The Idea of Iran: Qajar Iran on the cusp of modernity

Key information

Brunei Gallery, SOAS
Brunei Gallery Lecture Theatre (BGLT)
Event type

About this event

The nineteenth century saw the consolidation of the Qajar State and changed relations with the European powers that had been transformed by political, industrial and agricultural revolutions, among them the loss of Britain’s American colonies and the rise of an independent power on the global scene.

When Iran emerged from its own turbulent eighteenth century, it entered a new world dominated by expanding colonial and imperial forces, notably Britain and Russia. Among the many consequences were the remorseless losses of territories in the North and East, by the end of which Iran took on the outlines of its present borders. At the same time, the encounter with the West gave rise to dissatisfaction, realisations of weakness, many calls for change and ultimately, revolution.

What does the Idea of Iran mean at this period? Can we discern the ways that the Iranians viewed their traditions and their environment (natural and built), their own literature and history, their religious identities, their relations with the increasing number of foreigners? And what was the view of these outsiders, in this period that was so formative of the West’s idea of Iran? What did Iran look like? How does modern scholarship define the distinctive aspects of the period? These are some of the questions we hope to explore in the symposium dedicated to this complex and difficult period from which Iran emerged with a new, secular and nationalist regime that sought to bring the country into line with these outside forces in the twentieth century.

Idea of Iran 2024 - Programme.pdf

PDF document, 6.43MB


Tickets are £10 and can be purchased via the SOAS online store. If you are attending on both days, a discounted rate of £15 is available. SOAS students and staff can attend for free. You will need to be logged into your SOAS account to register.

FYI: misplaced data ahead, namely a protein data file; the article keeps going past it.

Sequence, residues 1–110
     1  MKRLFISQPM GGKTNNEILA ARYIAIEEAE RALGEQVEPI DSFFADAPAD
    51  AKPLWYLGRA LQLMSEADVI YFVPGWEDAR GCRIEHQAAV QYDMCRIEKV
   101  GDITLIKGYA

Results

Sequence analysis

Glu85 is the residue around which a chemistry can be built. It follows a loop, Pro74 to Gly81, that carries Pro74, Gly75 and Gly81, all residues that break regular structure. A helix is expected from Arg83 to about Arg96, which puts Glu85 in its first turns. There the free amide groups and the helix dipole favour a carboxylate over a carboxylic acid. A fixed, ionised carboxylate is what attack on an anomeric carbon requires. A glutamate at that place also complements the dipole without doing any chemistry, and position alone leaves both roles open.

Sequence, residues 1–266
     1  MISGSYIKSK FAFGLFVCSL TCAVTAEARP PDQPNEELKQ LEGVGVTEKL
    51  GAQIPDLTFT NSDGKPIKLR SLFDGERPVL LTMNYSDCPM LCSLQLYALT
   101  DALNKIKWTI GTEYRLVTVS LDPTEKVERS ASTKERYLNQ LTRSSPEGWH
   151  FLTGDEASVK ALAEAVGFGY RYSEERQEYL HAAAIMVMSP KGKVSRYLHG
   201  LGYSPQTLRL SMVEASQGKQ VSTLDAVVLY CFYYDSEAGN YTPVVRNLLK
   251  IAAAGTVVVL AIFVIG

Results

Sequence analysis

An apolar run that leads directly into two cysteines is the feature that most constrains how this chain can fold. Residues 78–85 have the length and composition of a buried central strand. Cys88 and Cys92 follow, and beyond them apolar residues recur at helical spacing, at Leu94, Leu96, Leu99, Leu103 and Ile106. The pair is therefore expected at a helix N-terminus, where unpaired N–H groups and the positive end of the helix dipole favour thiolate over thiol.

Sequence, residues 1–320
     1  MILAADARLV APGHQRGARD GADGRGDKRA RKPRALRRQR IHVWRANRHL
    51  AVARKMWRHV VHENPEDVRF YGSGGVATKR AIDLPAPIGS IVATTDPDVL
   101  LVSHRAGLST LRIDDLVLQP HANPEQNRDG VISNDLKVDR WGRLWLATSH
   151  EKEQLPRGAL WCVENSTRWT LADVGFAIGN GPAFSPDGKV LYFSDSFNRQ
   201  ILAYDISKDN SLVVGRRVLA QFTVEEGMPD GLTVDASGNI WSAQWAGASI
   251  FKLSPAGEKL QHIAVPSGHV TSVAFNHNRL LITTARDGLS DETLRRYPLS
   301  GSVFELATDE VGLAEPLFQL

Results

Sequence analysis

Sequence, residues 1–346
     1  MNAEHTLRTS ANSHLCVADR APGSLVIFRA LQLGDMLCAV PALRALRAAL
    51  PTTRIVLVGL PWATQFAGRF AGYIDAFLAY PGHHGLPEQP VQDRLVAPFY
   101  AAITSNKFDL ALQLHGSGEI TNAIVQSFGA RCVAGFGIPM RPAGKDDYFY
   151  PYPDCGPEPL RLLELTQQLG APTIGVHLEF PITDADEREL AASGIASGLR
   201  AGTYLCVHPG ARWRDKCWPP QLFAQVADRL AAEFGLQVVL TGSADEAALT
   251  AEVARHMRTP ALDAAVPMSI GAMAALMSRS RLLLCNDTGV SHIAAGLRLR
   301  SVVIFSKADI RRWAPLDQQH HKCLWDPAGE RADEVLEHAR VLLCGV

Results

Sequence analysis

Please note that ticket sales end at 1.00pm on Friday 10 May 2024 and can only be purchased online. It will not be possible to purchase tickets at the symposium.


Saturday 11 May 2024

9:00amArrival and registration
10:00am - 10:15amWelcome and introduction 
 Session 1: The ‘discovery’ of ancient Iran and its treasures
10:15am - 10:55amLindsay Allen (KCL, UK), Material culture and the construction of Iranian antiquity
10:55am -  11:35amAlyson Wharton-Durgaryan (Lincoln, UK), Armenians and Ideas of Iran: Dikran Kelekian, Kirkor Minassian and Hagop Kevorkian’s sourcing of Persian portable arts and their dealings with European and American museums at the turn of the twentieth century
11:35am - 11:55amBreak
 Session 2: Foreign and Persian perceptions of Iran
11:55am - 12:35pmDavid Motadel (LSE, UK), The Shah’s Grand Tours: Global monarchy in the age of empire
12:35pm - 1:15pmCharles Melville (Cambridge, UK), Communications and the circulation of news in nineteenth-century Iran
1:15pm - 2:00pmLunch break
 Session 3: The visualisation of Iran
2:00pm - 2:40pm Maryam Ekhtiar (New York), Qajar still-life painting in context
2:40pm - 3:20pmLayla Diba (New York), An Iranian artist abroad: Mohammad Ghaffari Kamal al-Molk’s European tour and the evolution of the modern Iranian landscape
3:20pm - 4:00pmMira Schwerda (Edinburgh, UK), The Revolutionary portrait: Aesthetics, politics and the relationship between photography and painting in the Constitutional Period
4:00pm - 4:20pmBreak
 Session 4: The shrinking borders to east and west
4:20pm -  5:00pmCharlie Gammell (UK), Qajar Herat; Persian, Sunni, Pashtun and Shi‘a. Questions of identity and belonging in nineteenth-century Herat
5:00pm - 5:40pmSabri Ateş (SMU), The transformation of the Ottoman–Iranian frontiers
5:40pm - 6:00pmClosing remarks

Sunday 12 May 2024

9:45amWelcome and introduction
 Session 5: The view from the peripheries to north and south
10:00am - 10.40amHouri Berberian (Irvine, USA), The role of Armenians and Georgians in Caucasian–Iranian connections
10:40am - 11:20amAlexander Jabbari (Minnesota), Bazgasht and after: Conceptions of Iran in a literary context
11:20am - 11:40amBreak
 Session 6: Iran as a trading partner
11:40am - 12:20pmWilliam Bullock Jenkins (London, UK), Tariffs, treaties, trade: Qajar Persia’s economy and commercial integration under nineteenth-century global conditions
12:20pm - 1:00pmAli Gheissari (San Diego, USA), The Idea of Commerce and its configurations in Qajar Iran: Domestic and transregional contexts
1:00pm - 1:45pmLunch break
 Session 7: Politics and reform
1:45pm - 2:25pmStephanie Cronin (Oxford, UK), Britain and the ‘Persian Empire’: Iran through a Classical lens
2:25pm - 3:05pmJennifer Jenkins (Toronto), German diplomacy and Iranian nationalism during the Constitutional Revolution
3:05pm - 3:45pmRobert Gleave (Exeter, UK), Religious developments in Qajar Iran: Scholarly authority and the Qajar state
3:45pm - 4:00pmClosing remarks